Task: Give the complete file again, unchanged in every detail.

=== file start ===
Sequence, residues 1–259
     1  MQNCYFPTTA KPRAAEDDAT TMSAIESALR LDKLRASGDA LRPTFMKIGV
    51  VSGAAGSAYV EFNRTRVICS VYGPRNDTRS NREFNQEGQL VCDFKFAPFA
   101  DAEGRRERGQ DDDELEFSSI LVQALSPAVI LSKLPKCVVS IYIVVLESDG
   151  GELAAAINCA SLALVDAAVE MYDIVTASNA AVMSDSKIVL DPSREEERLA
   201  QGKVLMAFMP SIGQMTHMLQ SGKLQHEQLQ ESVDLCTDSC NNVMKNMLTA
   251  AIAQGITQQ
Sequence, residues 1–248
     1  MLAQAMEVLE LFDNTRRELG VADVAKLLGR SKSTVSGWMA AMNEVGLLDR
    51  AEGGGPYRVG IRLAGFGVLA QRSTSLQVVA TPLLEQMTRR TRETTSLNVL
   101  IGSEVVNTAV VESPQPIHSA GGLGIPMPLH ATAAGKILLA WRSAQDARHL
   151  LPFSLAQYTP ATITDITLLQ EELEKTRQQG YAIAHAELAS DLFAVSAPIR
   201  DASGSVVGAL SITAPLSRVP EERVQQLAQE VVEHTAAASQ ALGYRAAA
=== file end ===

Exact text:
Sequence, residues 1–259
     1  MQNCYFPTTA KPRAAEDDAT TMSAIESALR LDKLRASGDA LRPTFMKIGV
    51  VSGAAGSAYV EFNRTRVICS VYGPRNDTRS NREFNQEGQL VCDFKFAPFA
   101  DAEGRRERGQ DDDELEFSSI LVQALSPAVI LSKLPKCVVS IYIVVLESDG
   151  GELAAAINCA SLALVDAAVE MYDIVTASNA AVMSDSKIVL DPSREEERLA
   201  QGKVLMAFMP SIGQMTHMLQ SGKLQHEQLQ ESVDLCTDSC NNVMKNMLTA
   251  AIAQGITQQ
Sequence, residues 1–248
     1  MLAQAMEVLE LFDNTRRELG VADVAKLLGR SKSTVSGWMA AMNEVGLLDR
    51  AEGGGPYRVG IRLAGFGVLA QRSTSLQVVA TPLLEQMTRR TRETTSLNVL
   101  IGSEVVNTAV VESPQPIHSA GGLGIPMPLH ATAAGKILLA WRSAQDARHL
   151  LPFSLAQYTP ATITDITLLQ EELEKTRQQG YAIAHAELAS DLFAVSAPIR
   201  DASGSVVGAL SITAPLSRVP EERVQQLAQE VVEHTAAASQ ALGYRAAA